Sessions creates cyber task force to study election interference

Sessions creates cyber task force to study election interference
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The Justice Department is creating a cyber-digital task force to examine outside attempts to interfere with U.S. elections, Attorney General Jeff SessionsJefferson (Jeff) Beauregard SessionsSentencing reform deal heats up, pitting Trump against reliable allies Hill.TV poll: 41 percent of Americans want Mueller to wrap up probe before midterms The Hill's Morning Report: Dems have a majority in the Senate (this week) MORE announced Tuesday.

“At the Department of Justice, we take these threats seriously. That is why today I am ordering the creation of a Cyber-Digital Task Force to advise me on the most effective ways that this Department can confront these threats and keep the American people safe,” Sessions said in a statement.

Sessions said Deputy Attorney General Rod RosensteinRod Jay RosensteinFBI chief: I'm trying to bring 'normalcy' in 'turbulent times' Press needs to restore its credibility on FBI and Justice Department Mueller should indict Trump for obstruction before the midterms MORE will name a senior department official to chair the task force.

The effort will seek to "canvass the many ways that the Department is combatting the global cyber threat" as well as "identify how federal law enforcement can more effectively accomplish its mission in this vital and evolving area," according to the press release. 

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The task force will be in charge of looking into a broad range of efforts in which outside actors sought to interfere. It is tasked with providing a report on its findings at the end of June.

“The Internet has given us amazing new tools that help us work, communicate, and participate in our economy, but these tools can also be exploited by criminals, terrorists, and enemy governments,” Sessions added.

The new task force comes shortly after special counsel Robert MuellerRobert Swan MuellerSasse: US should applaud choice of Mueller to lead Russia probe MORE charged 13 Russian nationals and three Russian companies on Friday with attempting to sow discord and interfere in the country's presidential election by waging "information warfare."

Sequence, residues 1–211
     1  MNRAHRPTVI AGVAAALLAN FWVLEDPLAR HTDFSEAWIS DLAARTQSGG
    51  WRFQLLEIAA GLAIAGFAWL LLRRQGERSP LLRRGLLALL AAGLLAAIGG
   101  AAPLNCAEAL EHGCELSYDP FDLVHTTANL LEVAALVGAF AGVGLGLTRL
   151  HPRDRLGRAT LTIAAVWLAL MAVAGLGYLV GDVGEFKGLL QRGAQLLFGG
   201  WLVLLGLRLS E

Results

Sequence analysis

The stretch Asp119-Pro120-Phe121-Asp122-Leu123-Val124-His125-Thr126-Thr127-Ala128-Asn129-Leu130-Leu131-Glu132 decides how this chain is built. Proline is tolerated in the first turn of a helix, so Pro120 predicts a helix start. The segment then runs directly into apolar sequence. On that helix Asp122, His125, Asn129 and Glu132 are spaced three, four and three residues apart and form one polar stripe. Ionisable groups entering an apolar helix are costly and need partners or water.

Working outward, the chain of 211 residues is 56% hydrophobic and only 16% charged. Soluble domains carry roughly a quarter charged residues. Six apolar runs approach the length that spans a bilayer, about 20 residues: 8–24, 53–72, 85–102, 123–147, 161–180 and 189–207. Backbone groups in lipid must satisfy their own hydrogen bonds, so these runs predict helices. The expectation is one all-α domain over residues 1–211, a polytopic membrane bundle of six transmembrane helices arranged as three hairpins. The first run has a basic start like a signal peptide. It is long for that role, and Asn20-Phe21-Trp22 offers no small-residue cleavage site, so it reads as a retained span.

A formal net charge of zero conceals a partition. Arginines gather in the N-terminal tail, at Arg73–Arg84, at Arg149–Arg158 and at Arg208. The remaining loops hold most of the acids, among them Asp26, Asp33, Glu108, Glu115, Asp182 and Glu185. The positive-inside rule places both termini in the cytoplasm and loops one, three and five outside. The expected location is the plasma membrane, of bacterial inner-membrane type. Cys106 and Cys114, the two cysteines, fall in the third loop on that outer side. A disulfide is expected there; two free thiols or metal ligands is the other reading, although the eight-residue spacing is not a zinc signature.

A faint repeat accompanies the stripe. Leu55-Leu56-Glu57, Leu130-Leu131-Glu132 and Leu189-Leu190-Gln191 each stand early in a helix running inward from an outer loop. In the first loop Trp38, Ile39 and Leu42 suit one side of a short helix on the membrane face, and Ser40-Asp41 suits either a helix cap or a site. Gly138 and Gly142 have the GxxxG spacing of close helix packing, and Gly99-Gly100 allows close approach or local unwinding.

President TrumpDonald John TrumpBrennan fires new shot at Trump: ‘He’s drunk on power’ Trump aides discussed using security clearance revocations to distract from negative stories: report Trump tried to dissuade Melania from 'Be Best' anti-bullying campaign: report MORE spent the weekend tweeting that the grand jury's indictment vindicates him in the federal Russia probe because this particular set of charges did not point to collusion between Trump campaign aides and Russians.

Trump in particular seized on the fact that the indictment accuses the Russians of beginning such efforts in 2014, before he had officially thrown his hat in the ring.

"Russia started their anti-US campaign in 2014, long before I announced that I would run for President. The results of the election were not impacted. The Trump campaign did nothing wrong - no collusion!" Trump tweeted shortly after the indictment became public.

But Trump's critics pointed to Mueller's indictment detailing the Russians' sophisticated operation. The eight-count indictment also includes the explosive allegation that some defendants, who masqueraded as politically active Americans, had contact with “unwitting individuals associated with the Trump campaign” and others.

The cyber force will bring together representatives from a wide range of DOJ offices along with outside law enforcement and federal agencies, depending on the direction of Rosenstein.

The announcement also comes amid growing calls on Capitol Hill to prioritize election security ahead of the approaching midterms.

This story was last updated at 4:38 p.m.